An Interactive Demo of Natural Biology, 6th Grade, 1999

Rating: 3 out of 3 french hens.

The healthiest relationship you can have is the cultivation of self-love, however the longest relationship most people actually will have is with their anxiety. Me and my most insidious manifestation of anxiety, whom I’ve named Sheila, were up late together a few nights ago. Of course, I was trying to fall asleep and dream of something resplendent like soaring over a fantastical coastline, imbued with the gift of flight, arm in arm with Christina Hendricks while we dropped water balloons filled with a non-lethal but a certainly memorable amount of sodium hydroxide over people using selfie sticks. Sheila, however, wanted to talk. It’s not that I don’t listen to her or give her the time of day. In fact, we talk quite often. One could even make the very clear statistical argument that she and I talk more often than most of my friends and I do. Thus, at around two in the morning, Sheila decided to remind me where I learned what the winning combination of death and cognitive dissonance looked like.

At the dreadful age of eleven years old, I had just sat down in my 6th grade homeroom class with the ceremonial thud of my oversized three-ringed binder that zipped up on all sides, lest my precious documents accidentally defenestrate themselves and into the wrong hands. Who knows what our enemies abroad could have done with my lackadaisical renderings Storm, Rogue, or any of the numerous underrepresented women of the X-Men whom I had drawn with anatomically impossibly large breasts. I shudder to think.

              The day started as inconsequentially as so many others had before in homeroom.

For those of you who are unfamiliar, homeroom was a 45-minute period that we had every morning to start off our day at Highland View (now Linus Pauling) Middle School. For the life of me I cannot tell you the bulk of what we actually did in these classes. The only lessons that I seem to recall in the twenty year gulf between my attendance of these classes and now- the interim period consisting of problematically heavy drinking, and other fond memories- are a few vocabulary lessons, and one lightly traumatizing if not informative day where I was taught how to pluck and butcher an entire live chicken by my teacher Nancy Matsumoto’s husband.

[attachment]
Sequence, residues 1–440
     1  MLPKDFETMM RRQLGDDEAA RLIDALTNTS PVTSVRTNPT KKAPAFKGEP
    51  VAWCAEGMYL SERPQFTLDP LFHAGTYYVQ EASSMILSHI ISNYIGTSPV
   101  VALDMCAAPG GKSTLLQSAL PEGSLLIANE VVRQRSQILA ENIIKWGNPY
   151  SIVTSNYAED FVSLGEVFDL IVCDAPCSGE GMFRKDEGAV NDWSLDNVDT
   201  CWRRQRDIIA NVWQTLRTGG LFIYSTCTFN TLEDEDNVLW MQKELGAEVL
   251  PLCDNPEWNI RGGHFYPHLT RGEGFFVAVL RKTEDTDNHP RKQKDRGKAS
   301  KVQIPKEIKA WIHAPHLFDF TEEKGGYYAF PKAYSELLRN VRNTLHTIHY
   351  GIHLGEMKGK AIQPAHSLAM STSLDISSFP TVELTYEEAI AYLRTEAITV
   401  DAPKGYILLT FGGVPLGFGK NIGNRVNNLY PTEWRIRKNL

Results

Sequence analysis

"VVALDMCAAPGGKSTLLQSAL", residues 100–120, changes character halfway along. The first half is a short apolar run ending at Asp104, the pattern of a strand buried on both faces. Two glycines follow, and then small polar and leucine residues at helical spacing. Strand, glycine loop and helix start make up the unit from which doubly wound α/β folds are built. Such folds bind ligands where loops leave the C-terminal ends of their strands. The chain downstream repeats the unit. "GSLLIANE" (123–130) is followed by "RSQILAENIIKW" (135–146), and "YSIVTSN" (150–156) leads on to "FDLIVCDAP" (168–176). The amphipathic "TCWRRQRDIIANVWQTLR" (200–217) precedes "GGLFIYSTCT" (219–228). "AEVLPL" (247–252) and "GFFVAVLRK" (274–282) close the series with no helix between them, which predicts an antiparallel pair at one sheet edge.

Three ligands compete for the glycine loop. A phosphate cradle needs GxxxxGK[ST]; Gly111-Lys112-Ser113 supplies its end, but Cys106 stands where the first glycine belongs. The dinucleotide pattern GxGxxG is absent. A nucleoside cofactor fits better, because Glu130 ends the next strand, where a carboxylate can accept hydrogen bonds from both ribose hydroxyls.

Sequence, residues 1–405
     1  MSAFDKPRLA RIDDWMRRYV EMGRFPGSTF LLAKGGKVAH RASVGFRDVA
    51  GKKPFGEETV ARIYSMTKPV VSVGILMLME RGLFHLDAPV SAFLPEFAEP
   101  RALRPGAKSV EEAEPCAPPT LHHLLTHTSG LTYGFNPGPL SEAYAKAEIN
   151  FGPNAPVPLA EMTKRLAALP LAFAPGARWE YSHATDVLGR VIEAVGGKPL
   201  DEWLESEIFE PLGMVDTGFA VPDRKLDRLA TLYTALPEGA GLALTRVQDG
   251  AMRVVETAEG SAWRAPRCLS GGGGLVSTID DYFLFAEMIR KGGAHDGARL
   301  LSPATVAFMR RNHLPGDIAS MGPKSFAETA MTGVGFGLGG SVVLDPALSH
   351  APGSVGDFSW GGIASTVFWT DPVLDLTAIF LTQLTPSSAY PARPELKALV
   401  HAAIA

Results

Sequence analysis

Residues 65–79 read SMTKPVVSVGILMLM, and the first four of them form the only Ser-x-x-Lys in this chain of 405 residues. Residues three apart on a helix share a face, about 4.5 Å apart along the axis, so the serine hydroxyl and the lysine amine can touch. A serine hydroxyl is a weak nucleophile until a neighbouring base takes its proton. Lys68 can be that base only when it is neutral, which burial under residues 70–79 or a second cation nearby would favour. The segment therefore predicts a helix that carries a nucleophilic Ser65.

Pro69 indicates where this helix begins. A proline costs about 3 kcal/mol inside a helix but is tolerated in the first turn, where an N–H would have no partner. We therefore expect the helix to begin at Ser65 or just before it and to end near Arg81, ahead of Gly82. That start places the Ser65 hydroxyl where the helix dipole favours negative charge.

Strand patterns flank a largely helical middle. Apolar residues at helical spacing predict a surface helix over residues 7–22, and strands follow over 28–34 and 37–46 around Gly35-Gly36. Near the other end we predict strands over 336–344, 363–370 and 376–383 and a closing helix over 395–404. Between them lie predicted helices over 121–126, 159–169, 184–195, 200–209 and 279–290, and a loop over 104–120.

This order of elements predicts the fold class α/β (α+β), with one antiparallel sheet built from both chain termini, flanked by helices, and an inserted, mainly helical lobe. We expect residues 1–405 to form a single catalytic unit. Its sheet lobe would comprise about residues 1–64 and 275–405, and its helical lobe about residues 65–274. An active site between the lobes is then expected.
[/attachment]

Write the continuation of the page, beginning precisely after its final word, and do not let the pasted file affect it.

Yes, dear reader, you read that correctly. Perhaps your conceptual understanding of the great state of Oregon: the Western Meadowlark that has flown with her own wings since her governmentally sanctioned coronation into white ownership on Valentine’s Day of 1859, is that we are a bunch of soy-latte guzzling liberal ne’er do well’s that would open up a Whole Food’s if given the opportunity faster than a New Yorker can turn on an underperforming Yankees batting rotation. A home of socially conscious warriors fighting an endless uphill battle regarding everything from the irrefutably righteous to the lamentably infinitesimal with no issue too small to take umbrage with.

Now, within the confines of Portland and some small pockets, you would be largely correct, and I am proud to consider myself among them.

However, outside of Portland, save for a few sections of Eugene, Bend, and one particular neighborhood in Ashland, my greater descriptors evading me in favor of clarity, it’s country as shit.

I grew up in one such rather sequestered hamlet in the Willamette Valley called Corvallis. A place where the flag of the noble beaver, the amphibious wood-gnawing member of the vermin family, is flown underneath the American flag on every street corner of the 14.3 square miles the township encompasses.

That said, no such day occurred like this before, and due to the incongruously swift action of the Corvallis PTA, I believe no such day has occurred since. Though, looking back as an adult, I’m extremely grateful for having finally been taught such a visceral lesson outside the confines of home.